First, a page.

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Gen. Cornwallis did not attend the surrender ceremony saying that he was not
feeling well. His substitute, Gen. O'Hara, first tried to surrender to the Comte de
Rochambeau who directed the British officer to Gen. Washington who in turn
directed him to Gen. Lincoln. During the ceremony a British band played the
song "The World Turned Upside Down."

"At about twelve o'clock, the combined army was arrangedin

two lines extending more than a mile in length. The Americans
were drawn up in a line on the rightand the French occupied
the left. At the head of the former, the great American

commander [Washington], mounted on his (horse)At the head of the latter was posted the excellent Count
RochambeauThe French troops, in complete uniform, displayed a martial and noble appearance
The Americans, though not all in uniform, nor their dress so neat, yet exhibited asoldierly air, and every (face)
beamed with satisfaction and joy. The (amount) of spectatorswas (huge), in point of numbers was probably equal
to the military
It was about two o'clock when the captive army advanced through the lineEvery eye was prepared to gaze on
Lord Cornwallisbut he disappointed ourexpectations; pretending (to be sick), he made Gen. O'Hara his substitute
as the leader of his army. This officer was followed by the conquered troops in a slow and solemn step, with
shouldered arms, colors cased and drums beating a British march. Having arrived at the head of the line, Gen.l
O'Hara, elegantly mounted, advanced to his Excellency the commander-in-chief, taking off his hat, and apologized
for the non-appearance of Earl Cornwallis. With his usual dignity and politeness, his excellency pointed to Major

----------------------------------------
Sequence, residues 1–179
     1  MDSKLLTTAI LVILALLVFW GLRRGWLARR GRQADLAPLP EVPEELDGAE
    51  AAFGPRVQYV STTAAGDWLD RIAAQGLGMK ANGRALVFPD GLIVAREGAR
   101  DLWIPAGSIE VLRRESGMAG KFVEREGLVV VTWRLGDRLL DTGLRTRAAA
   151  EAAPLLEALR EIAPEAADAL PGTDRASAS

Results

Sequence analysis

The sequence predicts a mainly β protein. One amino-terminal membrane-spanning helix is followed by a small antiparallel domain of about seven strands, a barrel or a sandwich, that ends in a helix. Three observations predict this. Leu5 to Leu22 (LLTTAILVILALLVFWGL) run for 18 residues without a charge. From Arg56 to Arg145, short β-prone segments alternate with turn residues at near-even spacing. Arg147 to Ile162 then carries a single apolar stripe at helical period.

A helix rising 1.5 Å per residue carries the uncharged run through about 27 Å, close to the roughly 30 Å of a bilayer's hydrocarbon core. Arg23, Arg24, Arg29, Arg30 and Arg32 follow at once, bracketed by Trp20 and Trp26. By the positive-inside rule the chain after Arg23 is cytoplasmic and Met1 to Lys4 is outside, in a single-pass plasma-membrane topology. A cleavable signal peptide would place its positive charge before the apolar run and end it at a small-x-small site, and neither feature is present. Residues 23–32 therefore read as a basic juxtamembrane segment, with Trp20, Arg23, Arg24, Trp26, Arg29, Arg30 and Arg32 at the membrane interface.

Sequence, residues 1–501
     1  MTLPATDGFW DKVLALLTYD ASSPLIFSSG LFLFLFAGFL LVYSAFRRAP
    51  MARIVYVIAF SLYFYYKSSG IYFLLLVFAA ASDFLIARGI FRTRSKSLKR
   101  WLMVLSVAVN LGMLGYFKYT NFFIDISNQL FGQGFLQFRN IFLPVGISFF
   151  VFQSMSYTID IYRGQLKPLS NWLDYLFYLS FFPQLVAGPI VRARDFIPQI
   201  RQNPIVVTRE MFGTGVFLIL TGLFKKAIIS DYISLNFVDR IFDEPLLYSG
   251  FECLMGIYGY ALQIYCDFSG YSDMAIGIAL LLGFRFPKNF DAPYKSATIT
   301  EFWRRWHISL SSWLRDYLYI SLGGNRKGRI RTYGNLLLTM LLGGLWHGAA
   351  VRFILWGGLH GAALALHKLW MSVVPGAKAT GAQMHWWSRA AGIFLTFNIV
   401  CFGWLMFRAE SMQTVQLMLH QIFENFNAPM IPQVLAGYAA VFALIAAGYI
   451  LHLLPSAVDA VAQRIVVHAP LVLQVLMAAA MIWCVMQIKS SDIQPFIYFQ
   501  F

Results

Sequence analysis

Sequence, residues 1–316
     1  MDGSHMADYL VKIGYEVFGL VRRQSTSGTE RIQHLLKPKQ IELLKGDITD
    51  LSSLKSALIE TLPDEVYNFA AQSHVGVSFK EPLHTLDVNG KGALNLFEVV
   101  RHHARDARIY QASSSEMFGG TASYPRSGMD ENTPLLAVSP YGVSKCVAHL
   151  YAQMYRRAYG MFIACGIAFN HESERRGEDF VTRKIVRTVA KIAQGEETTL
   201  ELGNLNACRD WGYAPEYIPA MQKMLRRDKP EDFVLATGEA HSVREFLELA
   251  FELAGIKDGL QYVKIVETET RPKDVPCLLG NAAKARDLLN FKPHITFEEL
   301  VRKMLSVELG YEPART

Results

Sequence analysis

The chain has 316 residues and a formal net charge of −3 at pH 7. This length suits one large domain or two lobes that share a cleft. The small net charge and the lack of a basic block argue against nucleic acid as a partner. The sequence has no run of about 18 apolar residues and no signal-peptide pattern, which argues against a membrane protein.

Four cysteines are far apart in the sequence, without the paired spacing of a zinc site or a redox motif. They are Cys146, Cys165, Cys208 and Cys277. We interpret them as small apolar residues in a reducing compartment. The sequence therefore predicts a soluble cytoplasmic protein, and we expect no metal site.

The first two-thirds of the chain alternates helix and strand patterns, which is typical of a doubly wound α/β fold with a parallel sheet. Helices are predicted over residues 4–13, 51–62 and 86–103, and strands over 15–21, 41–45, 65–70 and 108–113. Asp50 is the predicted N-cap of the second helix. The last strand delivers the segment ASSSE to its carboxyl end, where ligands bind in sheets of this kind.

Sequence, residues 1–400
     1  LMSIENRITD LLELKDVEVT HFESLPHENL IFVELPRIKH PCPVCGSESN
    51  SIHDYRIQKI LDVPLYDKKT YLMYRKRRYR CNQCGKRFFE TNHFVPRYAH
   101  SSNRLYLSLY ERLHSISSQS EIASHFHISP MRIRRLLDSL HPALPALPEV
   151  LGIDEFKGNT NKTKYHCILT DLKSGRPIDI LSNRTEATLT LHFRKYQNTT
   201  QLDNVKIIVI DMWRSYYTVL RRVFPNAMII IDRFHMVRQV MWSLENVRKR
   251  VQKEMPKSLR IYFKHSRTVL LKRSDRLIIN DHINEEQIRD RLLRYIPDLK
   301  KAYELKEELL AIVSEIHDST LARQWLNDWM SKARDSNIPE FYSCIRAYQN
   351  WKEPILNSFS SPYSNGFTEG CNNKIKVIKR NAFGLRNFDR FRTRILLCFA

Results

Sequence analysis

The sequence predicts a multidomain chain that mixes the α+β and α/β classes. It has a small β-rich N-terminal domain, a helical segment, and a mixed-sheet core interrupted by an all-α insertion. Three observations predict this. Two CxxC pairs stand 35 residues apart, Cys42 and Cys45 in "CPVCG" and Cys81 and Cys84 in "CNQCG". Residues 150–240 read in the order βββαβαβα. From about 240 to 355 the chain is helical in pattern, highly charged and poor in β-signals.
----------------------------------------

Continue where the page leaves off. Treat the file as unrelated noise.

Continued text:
Gen. Lincoln for directions, by whom the British army was conducted into a spacious field, where it was intended
they should ground their arms.
The royal troopsexhibited a decent and neat appearance, as respects arms and clothing, for their commander
opened his store and directed every soldier to be furnished with a new suit complete, prior to the (surrender). But in
their line of march we remarked a disorderly and un-soldierly conduct, their step was irregular, and their ranks
frequently broken.
But it was in the field, when they came to the last act of the drama, that the spirit and pride of the British soldier
was put to the severest test: here their mortification could not be concealed. Some of the platoon officers appeared
to be exceedingly chagrined when giving the word "ground arms," and I am a witness that they performed this duty
in a very un-officer-like manner; and that many of the soldiers manifested a sullen temper, throwing their arms on
the pile with violence, as if determined to render them uselessAfter having grounded their arms and divested
themselves of their accouterments, the captive troops were conducted back to Yorktown and guarded by our